“Money goes in but it never comes out….”
That was uttered by Kevin “Mr. Wonderful” O’Leary from Shark Tank speaking about a pitch which had brand failure written all over it. I’ve got to say, when he’s not eschewing his “tough love” negotiations, Kevin has some very good one-liners.
Is Your Brand Infested?
Brand strategies can make or break a brand. The right strategy will get rid of the pests while the wrong strategy will suck money in an endless overnight stay… resulting in brand failures that you would only wish on your enemies.
I know this because I deal with business owners and CEOs that need a rebrand or some other way to fix an ailing brand only to find their brands infested with “old ineffective ideas” that they are more willing to die for than change. As Seth Godin brilliantly observed:
“Not changing your strategy merely because you’re used to the one you have now is a lousy strategy.”
What’s the Power of The Right Brand Strategy?
Let’s see… it works. Here are some examples:
- The right strategy overhauled an artisanal chocolatier’s brand to see sales increase 300% in the first month of the relaunch (with NO other changes: no pricing changes, no new flavors, no new hours, no new promotions, no new sales personnel, no new distribution channels. Nothing.) The answer was in a key touchpoint they overlooked.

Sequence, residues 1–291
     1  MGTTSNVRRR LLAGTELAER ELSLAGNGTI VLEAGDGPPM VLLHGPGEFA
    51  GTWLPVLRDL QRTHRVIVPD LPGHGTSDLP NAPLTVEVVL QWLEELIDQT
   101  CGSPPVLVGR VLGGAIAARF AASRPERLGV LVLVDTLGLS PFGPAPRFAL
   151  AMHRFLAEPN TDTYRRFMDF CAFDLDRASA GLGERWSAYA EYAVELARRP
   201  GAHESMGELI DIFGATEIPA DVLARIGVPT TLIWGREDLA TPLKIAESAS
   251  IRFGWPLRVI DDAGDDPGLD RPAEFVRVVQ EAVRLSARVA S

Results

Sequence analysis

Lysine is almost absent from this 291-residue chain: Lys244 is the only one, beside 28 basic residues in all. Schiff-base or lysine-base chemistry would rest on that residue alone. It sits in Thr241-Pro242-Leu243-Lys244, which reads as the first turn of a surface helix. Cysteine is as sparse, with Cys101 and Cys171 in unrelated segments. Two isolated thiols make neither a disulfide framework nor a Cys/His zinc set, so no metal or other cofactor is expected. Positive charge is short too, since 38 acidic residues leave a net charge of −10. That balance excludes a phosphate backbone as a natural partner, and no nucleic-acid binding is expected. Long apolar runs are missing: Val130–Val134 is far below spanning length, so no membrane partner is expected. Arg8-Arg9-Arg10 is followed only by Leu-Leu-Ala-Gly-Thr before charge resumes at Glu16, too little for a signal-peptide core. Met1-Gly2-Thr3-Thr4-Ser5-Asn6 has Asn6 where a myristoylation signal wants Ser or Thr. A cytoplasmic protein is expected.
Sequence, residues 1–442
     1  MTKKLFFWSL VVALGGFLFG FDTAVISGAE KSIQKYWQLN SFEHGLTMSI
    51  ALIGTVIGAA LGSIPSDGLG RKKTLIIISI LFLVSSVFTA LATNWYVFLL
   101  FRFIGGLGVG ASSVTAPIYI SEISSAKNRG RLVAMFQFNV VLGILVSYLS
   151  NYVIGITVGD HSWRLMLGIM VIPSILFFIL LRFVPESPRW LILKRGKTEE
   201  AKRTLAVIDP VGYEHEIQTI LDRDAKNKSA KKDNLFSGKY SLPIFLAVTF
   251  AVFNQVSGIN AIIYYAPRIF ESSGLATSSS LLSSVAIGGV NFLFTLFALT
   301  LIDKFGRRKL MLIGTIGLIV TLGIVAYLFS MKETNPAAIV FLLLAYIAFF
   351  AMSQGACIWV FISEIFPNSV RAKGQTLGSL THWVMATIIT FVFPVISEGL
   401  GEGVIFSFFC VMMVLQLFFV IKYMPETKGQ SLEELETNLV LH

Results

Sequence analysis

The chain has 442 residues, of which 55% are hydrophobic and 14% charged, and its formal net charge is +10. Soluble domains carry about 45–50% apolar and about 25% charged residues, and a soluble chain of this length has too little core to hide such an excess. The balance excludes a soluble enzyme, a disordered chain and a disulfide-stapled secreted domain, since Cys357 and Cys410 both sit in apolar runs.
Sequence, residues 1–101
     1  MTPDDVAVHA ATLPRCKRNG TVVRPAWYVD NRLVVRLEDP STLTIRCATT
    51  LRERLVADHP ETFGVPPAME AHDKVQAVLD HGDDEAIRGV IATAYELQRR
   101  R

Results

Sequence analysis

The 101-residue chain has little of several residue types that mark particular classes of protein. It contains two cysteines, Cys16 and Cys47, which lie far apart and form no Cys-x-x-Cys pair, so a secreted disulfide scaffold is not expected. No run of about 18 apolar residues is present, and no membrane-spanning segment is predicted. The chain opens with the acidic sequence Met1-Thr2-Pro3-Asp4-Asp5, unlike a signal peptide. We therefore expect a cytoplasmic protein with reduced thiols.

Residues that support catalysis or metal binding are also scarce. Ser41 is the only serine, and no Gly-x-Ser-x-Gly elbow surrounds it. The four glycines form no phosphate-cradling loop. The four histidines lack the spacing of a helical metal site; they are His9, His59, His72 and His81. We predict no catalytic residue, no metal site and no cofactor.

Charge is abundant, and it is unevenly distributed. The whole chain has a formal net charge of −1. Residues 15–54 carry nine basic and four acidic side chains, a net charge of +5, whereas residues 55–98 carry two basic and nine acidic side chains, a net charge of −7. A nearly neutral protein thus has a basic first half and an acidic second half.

- The right strategy transformed a small town (that blended into every other small town offering) into a destination site resulting in a 500% increase in walk-in tourism over the 12 months following the rebrand. The right answer was in key points of contact and having the right branding and message at those points of contact.
- The right strategy took an online startup and increased their sales over 400% in 3 years simply by evaluating their name (awful), their presentation (more awful) and their overlooked opportunities since customers only knew them by their online presence (the most awful of all).
- The right strategy intervened to eradicate fundamental branding errors that catapulted this Napa Valley startup into two consecutive years of 300% growth. The right strategy in this case involved brand intervention consisting of a total rebrand: a new brand identity and logo, new package design, and a radical departure that gave the voice of this brand true meaning and fun. The starting point was that the previous package design did not pas the 4-foot test for package legibility.
The question becomes: Why spend time and money to come close to the market only to experience brand failure when you could be nailing it with the right mix of the right ingredients?
How Do You Avoid Brand Failures?
The right tools. The right insight. The right talent and the right intelligence to know what to attack and why.
Lastly, the right strategy has this element: The right amount of humility to know you need to surround yourself with other great talent whose skill set complements your own. In other words, the right strategy has the element of knowing when (and whom) to ask.
In short, the right strategy will:
- Allow you stand apart from the competition
- Make you memorable